By Guy Page
Christine Hallquist, Democratic nominee for governor, supports tax-and-regulate marijuana legalization. “Enough research has been done,” she told pro-legalization website Heady Vermont Aug. 3. Tax-and-regulate is needed “with fentanyl-laced marijuana making its way into Vermont,” she added, but did not explain how legalization would help.
The following is her entire statement:
I would work with the legislature to ensure that a tax and regulate system was passed into law in my first term. I think that enough research has been done and enough systems implemented, that I don’t really feel the need to dictate a specific system. Rather, I believe it would be my job to work collaboratively with all stakeholders – legislators, interest groups, etc. to make sure the system is a reality. We don’t need more studies on implementation, we need action. The prospective tax revenue aside, I believe that this is a public health and safety issue. With fentanyl laced marijuana making its way into Vermont, we must not delay in putting a tax and regulate system into law.
It is not clear why Hallquist thinks tax-and-regulate would reduce the incidence of fentanyl-laced pot. Legalization doesn’t necessarily equate with accurate labeling. Some 69 percent of California’s legal “medical marijuana” edibles were mislabeled as either over or under-strength THC, a Vanderbilt University report showed. But even if legalization leads to more “quality control,” the Colorado legalization experiment shows Vermont’s black market will continue to thrive. The black market is booming in Colorado. Legalization makes cultivation far easier for illicit dealers, and many buyers don’t want to pay more for legal, taxed marijuana.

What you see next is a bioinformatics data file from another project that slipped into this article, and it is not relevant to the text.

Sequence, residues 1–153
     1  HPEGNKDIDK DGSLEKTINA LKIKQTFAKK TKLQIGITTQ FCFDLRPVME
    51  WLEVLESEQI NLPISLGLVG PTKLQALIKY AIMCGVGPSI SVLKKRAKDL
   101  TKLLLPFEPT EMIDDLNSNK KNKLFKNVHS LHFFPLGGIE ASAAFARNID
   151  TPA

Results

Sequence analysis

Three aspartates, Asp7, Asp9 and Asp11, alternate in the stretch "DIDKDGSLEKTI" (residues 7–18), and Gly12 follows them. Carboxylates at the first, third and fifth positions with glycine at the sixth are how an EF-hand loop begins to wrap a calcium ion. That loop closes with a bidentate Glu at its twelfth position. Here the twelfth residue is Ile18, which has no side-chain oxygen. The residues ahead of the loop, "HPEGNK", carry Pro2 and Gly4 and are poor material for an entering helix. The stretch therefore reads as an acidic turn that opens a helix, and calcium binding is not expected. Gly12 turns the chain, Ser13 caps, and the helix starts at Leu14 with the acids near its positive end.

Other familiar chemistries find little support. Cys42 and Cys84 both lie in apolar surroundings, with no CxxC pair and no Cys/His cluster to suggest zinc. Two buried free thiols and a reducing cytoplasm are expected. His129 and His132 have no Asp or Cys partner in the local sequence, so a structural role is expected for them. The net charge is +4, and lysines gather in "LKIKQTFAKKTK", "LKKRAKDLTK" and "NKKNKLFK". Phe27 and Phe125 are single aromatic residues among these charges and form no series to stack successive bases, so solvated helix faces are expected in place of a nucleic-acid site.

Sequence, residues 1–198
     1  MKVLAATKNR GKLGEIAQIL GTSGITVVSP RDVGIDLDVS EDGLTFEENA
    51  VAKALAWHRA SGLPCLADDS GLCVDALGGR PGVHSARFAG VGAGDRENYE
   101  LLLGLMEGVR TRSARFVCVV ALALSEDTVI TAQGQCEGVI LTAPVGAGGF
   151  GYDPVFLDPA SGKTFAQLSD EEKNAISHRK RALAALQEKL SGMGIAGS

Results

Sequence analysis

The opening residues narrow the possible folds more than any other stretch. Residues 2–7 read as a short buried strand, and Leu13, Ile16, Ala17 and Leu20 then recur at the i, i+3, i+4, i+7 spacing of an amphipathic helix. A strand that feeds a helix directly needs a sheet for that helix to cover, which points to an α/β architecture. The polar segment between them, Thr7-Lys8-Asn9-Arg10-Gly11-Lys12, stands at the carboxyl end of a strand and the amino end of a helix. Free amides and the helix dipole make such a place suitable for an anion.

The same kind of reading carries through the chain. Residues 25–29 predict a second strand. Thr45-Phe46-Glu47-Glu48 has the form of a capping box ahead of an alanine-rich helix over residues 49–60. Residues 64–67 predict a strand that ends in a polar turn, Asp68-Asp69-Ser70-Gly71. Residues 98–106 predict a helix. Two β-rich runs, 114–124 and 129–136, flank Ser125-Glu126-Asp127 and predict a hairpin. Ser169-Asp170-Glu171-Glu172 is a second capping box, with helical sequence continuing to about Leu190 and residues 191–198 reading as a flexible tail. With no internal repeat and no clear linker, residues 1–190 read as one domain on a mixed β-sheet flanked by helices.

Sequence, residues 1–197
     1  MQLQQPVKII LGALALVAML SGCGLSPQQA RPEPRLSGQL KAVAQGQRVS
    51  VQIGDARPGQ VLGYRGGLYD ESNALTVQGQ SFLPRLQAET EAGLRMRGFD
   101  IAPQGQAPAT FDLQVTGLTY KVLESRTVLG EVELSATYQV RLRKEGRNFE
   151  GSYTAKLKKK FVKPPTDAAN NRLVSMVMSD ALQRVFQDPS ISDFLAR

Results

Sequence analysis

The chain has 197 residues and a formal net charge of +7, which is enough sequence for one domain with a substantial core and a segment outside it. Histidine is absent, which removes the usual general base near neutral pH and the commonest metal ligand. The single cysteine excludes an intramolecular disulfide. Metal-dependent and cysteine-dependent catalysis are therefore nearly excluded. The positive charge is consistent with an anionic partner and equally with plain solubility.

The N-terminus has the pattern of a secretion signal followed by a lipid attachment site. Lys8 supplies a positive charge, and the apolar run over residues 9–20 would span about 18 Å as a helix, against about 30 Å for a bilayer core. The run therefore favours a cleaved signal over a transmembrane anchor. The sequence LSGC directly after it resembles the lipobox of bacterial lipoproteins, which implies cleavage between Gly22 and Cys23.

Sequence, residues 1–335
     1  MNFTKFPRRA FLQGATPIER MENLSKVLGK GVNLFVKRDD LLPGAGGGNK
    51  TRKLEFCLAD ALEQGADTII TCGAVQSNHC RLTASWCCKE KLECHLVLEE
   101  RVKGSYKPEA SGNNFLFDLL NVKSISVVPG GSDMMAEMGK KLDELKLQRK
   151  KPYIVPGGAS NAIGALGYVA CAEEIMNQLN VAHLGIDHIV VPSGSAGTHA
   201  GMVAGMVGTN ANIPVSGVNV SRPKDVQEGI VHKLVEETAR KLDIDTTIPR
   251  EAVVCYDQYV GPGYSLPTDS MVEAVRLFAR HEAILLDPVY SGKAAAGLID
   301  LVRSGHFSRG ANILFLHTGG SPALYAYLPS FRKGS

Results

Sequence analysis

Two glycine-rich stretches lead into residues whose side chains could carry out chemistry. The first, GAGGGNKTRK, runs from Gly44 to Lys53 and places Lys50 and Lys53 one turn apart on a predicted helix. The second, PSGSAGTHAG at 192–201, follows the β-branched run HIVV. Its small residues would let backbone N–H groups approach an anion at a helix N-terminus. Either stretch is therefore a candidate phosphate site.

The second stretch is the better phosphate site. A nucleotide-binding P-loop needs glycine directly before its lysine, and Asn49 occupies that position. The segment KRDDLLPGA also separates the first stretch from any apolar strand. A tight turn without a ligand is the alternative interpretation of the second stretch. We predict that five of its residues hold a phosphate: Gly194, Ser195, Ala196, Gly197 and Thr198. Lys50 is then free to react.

Only one candidate told Heady Vermont he’s against legal pot: Orange County Sheriff incumbent Bill Bohnyak. He wrote simply: “Oppose legalization.”
The platform committee of the Vermont Democratic Party publicly committed to tax-and-regulate legalization in late August, Vermont Digger reported Aug. 27.
It’s not surprising that legalization supporters don’t want to see more research. Most of it points to the dangers of increasing public access to marijuana. For example:
Breast milk carries THC to infants
“Marijuana’s main mind-altering ingredient was detected in nursing mothers’ breast milk in a small study that comes amid evidence that more U.S. women are using pot during pregnancy and afterward,” CBC News reported Aug. 27 about a new study out of San Diego. “Experts say the ingredient, THC, has chemical properties that could allow it to disrupt brain development and potentially cause harm, although solid evidence of that is lacking.”
THC found in almost three-fourths of Colorado DUIs
In 2016, “about 73% of some 4,000 drivers charged with driving under the influence tested positive for marijuana. The report, by the Division of Criminal Justice, also revealed that half of the drivers who tested positive were over the legal limit of THC in their blood. And 53 percent admit they smoked marijuana within two hours of getting behind the wheel,” Smart Approaches to Marijuana reported August 10. Most drivers recently had consumed other drugs, as well.
Statehouse Headliners is intended primarily to educate, not advocate. It is e-mailed to an ever-growing list of interested Vermonters, public officials and media. Guy Page is affiliated with the Vermont Energy Partnership; the Vermont Alliance for Ethical Healthcare; and Physicians, Families and Friends for a Better Vermont.